Wherever possible, you want to start a story right in the action. In casual conversation, you have a little more leeway for beginning with the context. But if you’re telling the story in any kind of performative way (which includes web copy, newsletters or any kind of pitch or presentation), you want to start right in the ACTION. (More on why that is, here).

2) Excite the listener’s brain

“But that day in my shower, I saw all the plastic bottles piled up — and with a family of five that includes three teenagers, that means a LOT of bottles. I realised, I really don’t want to add to the plastic garbage in the world.”

Here we have the two core pillars of any good action scene, which are the answers to the questions:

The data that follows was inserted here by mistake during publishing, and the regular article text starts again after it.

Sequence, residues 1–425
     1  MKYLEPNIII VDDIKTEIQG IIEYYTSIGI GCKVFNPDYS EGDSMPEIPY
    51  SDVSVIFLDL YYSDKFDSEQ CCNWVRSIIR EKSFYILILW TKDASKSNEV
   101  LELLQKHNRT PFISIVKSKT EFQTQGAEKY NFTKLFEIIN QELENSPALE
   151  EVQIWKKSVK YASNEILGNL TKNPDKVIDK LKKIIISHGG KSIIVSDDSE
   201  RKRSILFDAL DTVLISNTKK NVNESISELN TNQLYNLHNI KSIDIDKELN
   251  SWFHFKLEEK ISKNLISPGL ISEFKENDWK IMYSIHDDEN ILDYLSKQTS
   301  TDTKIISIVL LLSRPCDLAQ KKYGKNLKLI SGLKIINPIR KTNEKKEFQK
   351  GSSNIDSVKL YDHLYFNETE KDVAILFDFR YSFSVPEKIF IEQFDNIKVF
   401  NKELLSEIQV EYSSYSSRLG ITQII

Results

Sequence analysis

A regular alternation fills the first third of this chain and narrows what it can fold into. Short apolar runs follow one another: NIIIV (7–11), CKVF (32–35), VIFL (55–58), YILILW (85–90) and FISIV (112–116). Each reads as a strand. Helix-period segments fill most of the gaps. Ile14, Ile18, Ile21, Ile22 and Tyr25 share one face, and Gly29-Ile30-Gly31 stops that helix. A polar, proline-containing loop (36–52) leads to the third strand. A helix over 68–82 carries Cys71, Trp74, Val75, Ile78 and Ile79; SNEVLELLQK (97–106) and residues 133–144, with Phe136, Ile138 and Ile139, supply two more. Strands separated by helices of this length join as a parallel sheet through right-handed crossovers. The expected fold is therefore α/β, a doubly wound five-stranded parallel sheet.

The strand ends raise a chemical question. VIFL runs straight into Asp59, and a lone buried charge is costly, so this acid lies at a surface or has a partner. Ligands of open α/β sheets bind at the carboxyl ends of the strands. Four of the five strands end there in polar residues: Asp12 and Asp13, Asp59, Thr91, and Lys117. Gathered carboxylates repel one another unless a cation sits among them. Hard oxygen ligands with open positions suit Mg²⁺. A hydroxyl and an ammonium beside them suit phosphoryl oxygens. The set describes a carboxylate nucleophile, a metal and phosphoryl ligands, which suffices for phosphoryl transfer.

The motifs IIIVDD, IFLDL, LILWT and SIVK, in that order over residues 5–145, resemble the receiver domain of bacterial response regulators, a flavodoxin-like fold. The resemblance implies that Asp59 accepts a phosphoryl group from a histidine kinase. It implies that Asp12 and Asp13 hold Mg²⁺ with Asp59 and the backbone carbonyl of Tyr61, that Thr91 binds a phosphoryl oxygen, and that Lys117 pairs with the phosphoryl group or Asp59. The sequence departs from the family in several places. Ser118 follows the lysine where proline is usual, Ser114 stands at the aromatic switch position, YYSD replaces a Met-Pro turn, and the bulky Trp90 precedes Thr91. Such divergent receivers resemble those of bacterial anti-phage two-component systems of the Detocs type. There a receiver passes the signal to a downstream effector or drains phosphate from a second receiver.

“What did it look like?” and “How did you feel?” (more on these, here)

This is how you make your listeners’ brains excited. Now they are imagining standing in THEIR showers and (if they’re Ashley’s ideal client) feeling bummed out about the number of plastic bottles they have.

3) Give Ashley (as the owner and creator) credibility

Ashley often gets mistaken for being much younger than she is. Being a twenty-year-old who’s brand new to business might help you if you’re deisgning a new app or fashion line, but when it comes to environmentally friendly hair care that actually works, not so much. So we included these lines to show she’s got some life experience under her belt:

“I’ve been running my hair salon for 10 years”
and
“with a family of five that includes three teenagers”